I had gone off to college and left Jim living in a great apartment. The apartment had a working fireplace and a wonderful view of the city from atop a hill. I have many wonderful memories of that apartment.
One day when I was home from college for a weekend Jim announced that he was seriously looking at a house. He had tried to buy the apartment house he was living in, a duplex on the hillside, but that deal fell through for whatever reason. With the unbridled knowledge of a nineteen year old “man” I suggested to Jim that moving to that little house by the railroad tracks would be tantamount to disaster.
Fortunately, Jim did not listen to my wisdom. The house was plain and quite unadorned when he moved in. The accompanying photo doesn’t do it justice. By the time Jim moved out in 2007 there were far more trees, bushes, landscaping, flowers, and a large garage. He made the place his own far more than any apartment would have ever been. In his letter below, Jim relates how quickly he made the decision to buy the house.
Sometimes you decide something before knowing there’s a choice. These kind of events have happened to me enough times to doubt the existence of “free will.” When Judy and I bought the house we’re in now we did not make a conscious decision. We looked at each other and agreed, wordlessly, that this was the place. That was over thirty-five years ago and we’re still in the same house. Jim saw this little house on the cul-de-sac and apparently found the decision already settled. It was the right choice for him, too, as he was in that house for almost thirty-five years.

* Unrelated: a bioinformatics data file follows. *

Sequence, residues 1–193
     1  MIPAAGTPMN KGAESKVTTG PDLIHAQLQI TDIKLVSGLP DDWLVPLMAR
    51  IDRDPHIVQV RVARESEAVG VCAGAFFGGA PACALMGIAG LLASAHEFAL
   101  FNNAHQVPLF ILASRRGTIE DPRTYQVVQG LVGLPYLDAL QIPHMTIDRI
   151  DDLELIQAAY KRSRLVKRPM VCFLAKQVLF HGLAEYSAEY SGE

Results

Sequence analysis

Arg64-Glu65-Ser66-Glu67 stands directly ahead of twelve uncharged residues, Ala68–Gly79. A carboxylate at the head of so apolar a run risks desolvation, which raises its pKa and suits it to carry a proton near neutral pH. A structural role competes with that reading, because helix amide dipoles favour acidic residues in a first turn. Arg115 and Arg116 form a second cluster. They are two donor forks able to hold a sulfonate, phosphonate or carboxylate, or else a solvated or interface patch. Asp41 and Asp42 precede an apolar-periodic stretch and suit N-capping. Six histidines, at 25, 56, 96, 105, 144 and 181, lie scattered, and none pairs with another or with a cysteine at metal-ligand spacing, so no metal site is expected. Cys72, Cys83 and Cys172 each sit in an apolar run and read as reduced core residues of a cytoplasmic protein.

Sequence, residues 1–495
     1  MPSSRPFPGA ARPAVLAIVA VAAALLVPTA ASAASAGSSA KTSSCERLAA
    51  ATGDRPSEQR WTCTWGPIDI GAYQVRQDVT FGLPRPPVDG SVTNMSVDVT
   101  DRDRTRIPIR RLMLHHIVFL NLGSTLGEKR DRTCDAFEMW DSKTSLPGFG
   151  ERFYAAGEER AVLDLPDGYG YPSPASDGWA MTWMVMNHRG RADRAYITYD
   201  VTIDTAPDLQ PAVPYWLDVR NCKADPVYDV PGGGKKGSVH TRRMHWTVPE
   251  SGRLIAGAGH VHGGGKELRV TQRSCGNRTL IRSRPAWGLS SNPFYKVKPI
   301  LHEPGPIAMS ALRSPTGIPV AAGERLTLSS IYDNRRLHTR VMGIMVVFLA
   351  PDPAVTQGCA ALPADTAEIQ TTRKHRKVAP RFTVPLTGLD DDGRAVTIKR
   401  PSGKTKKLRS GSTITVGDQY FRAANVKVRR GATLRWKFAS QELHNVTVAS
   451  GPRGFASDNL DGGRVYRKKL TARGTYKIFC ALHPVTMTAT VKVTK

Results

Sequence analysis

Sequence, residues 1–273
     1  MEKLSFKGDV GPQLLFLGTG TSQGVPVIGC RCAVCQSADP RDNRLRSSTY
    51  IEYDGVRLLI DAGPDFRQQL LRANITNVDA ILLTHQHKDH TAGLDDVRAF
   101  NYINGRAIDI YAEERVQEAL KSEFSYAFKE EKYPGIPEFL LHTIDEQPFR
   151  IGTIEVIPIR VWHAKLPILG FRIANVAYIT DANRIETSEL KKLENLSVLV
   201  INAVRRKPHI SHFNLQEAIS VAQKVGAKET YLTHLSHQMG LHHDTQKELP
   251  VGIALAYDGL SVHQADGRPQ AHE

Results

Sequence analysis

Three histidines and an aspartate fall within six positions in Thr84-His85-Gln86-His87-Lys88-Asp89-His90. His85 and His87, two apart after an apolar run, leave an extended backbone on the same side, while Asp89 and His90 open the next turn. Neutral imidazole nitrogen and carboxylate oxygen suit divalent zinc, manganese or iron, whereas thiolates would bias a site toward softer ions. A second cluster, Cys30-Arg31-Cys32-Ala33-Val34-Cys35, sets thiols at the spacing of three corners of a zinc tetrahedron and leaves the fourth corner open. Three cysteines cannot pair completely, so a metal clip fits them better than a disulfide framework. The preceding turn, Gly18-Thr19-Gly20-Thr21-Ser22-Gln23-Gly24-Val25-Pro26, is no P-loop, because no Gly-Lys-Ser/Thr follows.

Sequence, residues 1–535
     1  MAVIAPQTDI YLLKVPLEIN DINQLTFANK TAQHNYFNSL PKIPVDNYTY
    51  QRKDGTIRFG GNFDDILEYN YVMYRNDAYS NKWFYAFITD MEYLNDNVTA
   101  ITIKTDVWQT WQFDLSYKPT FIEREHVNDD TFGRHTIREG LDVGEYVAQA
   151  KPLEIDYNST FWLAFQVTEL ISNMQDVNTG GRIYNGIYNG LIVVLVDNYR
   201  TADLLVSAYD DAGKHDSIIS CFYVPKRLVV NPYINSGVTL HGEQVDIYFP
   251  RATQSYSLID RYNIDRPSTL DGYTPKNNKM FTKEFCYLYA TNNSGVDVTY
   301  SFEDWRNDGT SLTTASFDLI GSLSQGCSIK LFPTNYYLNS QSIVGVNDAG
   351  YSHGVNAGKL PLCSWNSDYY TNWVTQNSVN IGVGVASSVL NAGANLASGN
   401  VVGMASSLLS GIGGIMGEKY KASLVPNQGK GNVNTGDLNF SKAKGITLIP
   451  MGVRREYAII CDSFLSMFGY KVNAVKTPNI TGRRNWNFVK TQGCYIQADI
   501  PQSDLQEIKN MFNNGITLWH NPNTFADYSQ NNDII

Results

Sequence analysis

In 1970 (I was 46) the thought occured to me that all these years I had been paying rent. First on furnished rooms then on apartments. There wasn’t a solitary thing to account for all that money spent other than the fact that I had a roof over my head and a place to sleep.
The yearning for something more permanent kept nagging at me. In Dec. of 1961 I had moved from Devils Lake to Jamestown to become manager of the Sears Catalog Sales Store. Since that time my thoughts often turned toward owning some type of property. “Hank” Dardis owned a real estate firm and I sought him to discuss my wishes. It would be an easy deal for him. I still had entitlement left from the WWII GI Bill.
Jim continues below …